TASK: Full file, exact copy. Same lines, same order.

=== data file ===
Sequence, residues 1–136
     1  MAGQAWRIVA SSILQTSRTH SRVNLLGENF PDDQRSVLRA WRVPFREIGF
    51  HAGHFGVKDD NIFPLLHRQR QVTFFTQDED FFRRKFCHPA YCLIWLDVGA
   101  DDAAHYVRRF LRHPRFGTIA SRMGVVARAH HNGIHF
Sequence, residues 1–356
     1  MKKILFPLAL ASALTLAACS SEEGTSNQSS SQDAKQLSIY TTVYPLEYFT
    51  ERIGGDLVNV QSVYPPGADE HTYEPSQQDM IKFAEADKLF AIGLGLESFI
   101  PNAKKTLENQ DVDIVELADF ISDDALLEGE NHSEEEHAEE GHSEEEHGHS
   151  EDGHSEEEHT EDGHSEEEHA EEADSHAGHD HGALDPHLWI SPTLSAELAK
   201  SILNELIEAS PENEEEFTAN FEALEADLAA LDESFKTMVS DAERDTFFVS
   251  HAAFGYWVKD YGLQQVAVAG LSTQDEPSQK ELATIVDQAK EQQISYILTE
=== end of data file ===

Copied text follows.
Sequence, residues 1–136
     1  MAGQAWRIVA SSILQTSRTH SRVNLLGENF PDDQRSVLRA WRVPFREIGF
    51  HAGHFGVKDD NIFPLLHRQR QVTFFTQDED FFRRKFCHPA YCLIWLDVGA
   101  DDAAHYVRRF LRHPRFGTIA SRMGVVARAH HNGIHF
Sequence, residues 1–356
     1  MKKILFPLAL ASALTLAACS SEEGTSNQSS SQDAKQLSIY TTVYPLEYFT
    51  ERIGGDLVNV QSVYPPGADE HTYEPSQQDM IKFAEADKLF AIGLGLESFI
   101  PNAKKTLENQ DVDIVELADF ISDDALLEGE NHSEEEHAEE GHSEEEHGHS
   151  EDGHSEEEHT EDGHSEEEHA EEADSHAGHD HGALDPHLWI SPTLSAELAK
   201  SILNELIEAS PENEEEFTAN FEALEADLAA LDESFKTMVS DAERDTFFVS
   251  HAAFGYWVKD YGLQQVAVAG LSTQDEPSQK ELATIVDQAK EQQISYILTE